Paddy fields, thick forests and slow-moving streams encourage the breeding of the Anopheles fluviatilis mosquito, and the deadly falciparum malaria is widespread. Kandhamal district, of which the village is a part, has an annual parasite incidence of 38.5, which means approximately 38 people among every 1,000 test positive for the parasite, although not all people who contract the parasite suffer from malaria. With poor access to quality healthcare facilities, most patients go to local quacks and traditional babas for treatment.

Malaria can mean late or wrong treatment, and even death.

Afebrile malaria, or malaria without fever, can easily go undetected, which makes seasonal mass screening critical, Jayeeta Chowdhury, the health programme manager at Tata Trusts, told IndiaSpend.

This is how 3-year-old Rishi Vardhamaji was diagnosed with malaria even though he had no symptoms–his second bout this year.

Undernourished children are at greater risk of contracting malaria due to poor immunity. If undetected, malaria further lowers their immunity and worsens malnutrition, possibly leading to stunting.

Four of 10 children screened while this reporter was in the village tested positive for malaria.

Odisha’s tribals face the brunt

Tribal populations, like in Budabirmaha, comprise 8% of India’s population yet account for 46% of India’s malaria incidence and 47% malarial deaths. The states inhabited largely by tribal populations together report 80% of malaria incidence, with Odisha accounting for 41%, Chhattisgarh 14%, Jharkhand 13% and Madhya Pradesh 6%.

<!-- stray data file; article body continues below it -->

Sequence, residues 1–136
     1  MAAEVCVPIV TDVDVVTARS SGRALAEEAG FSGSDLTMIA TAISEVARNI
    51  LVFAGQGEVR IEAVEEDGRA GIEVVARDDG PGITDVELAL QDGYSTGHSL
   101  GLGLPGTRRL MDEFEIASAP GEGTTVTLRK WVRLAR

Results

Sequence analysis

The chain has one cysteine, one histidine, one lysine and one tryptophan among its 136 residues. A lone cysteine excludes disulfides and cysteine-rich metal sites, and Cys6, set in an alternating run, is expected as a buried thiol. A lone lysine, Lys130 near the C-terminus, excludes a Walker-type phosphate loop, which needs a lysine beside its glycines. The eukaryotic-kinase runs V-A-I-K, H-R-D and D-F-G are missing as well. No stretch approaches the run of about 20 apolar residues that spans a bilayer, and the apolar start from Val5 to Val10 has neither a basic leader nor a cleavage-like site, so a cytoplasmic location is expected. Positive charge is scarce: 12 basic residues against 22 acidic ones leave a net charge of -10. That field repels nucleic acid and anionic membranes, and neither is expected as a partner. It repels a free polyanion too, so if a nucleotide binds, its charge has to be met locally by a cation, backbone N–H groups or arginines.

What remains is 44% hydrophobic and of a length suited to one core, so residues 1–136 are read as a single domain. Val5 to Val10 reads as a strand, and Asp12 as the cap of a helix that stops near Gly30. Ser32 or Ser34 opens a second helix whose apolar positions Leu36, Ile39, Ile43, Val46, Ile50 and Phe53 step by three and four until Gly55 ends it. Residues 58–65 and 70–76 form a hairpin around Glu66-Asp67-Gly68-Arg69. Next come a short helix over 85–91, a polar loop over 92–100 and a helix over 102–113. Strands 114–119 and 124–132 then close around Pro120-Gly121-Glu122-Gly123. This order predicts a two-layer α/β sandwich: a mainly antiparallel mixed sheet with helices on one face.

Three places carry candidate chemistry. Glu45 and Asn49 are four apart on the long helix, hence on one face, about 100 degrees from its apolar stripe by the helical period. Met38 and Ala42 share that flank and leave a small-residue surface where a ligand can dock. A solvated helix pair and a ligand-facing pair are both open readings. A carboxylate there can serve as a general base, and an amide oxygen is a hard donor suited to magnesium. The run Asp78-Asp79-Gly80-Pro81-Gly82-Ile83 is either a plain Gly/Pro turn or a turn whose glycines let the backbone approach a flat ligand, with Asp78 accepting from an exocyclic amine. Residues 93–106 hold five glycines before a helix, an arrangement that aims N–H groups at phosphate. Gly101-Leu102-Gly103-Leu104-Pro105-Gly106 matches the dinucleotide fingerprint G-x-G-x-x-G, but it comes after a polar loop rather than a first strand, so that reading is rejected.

Although India reported 1 million malaria cases in 2016, malaria has been in decline in India overall, with the number of reported cases falling by 45% from 2000 to 2015.

However, the battle against malaria has made slower gains in Odisha, which recorded the most number of deaths (77) from malaria in 2016.

This is because 86% of Odisha’s malaria cases in 2016 were of Plasmodium falciparum, the deadlier of the two main types of the malaria parasite found in India (the other being Plasmodium vivax). Plasmodium falciparum multiplies rapidly in the blood to cause severe anaemia and clog small blood vessels, potentially leading to cerebral malaria, which is often fatal.

(Source: National Vector-Borne Disease Control Programme)

Eliminating malaria

The partnership between Tata Trusts and the state government of Odisha, as we said, aims to reduce the annual parasite incidence to less than 1 in 1,000 population, deaths by 100% and malaria incidence by 40% by 2021.

Tata Trusts provide technology, human resources, logistical support and knowledge, while the state government contributes medicines and diagnostic support.

Targeting 623 of the most inaccessible villages in the state’s three southern districts of Rayagada, Kalahandi and Kandhamal, the programme relies on three simple steps–prevention, timely detection, and rapid treatment.

The experience of Budabirmaha village is instructive. An associate organisation of Tata Trusts, Livolink Foundation, worked closely with the villagers to convince them to nominate a village health volunteer. The villagers chose 25-year-old Salman, who has studied upto grade X and, like many in the village, uses the surname Mallick.

(Health volunteer Salman Mallick, 25, with anti-malarial drugs. Salman, who gets a Rs 1,000 honorarium a month, also conducts twice-weekly meetings to educate the community about malaria symptoms, prevention and treatment.“It is my dream to make my village a model village,” said Salman.)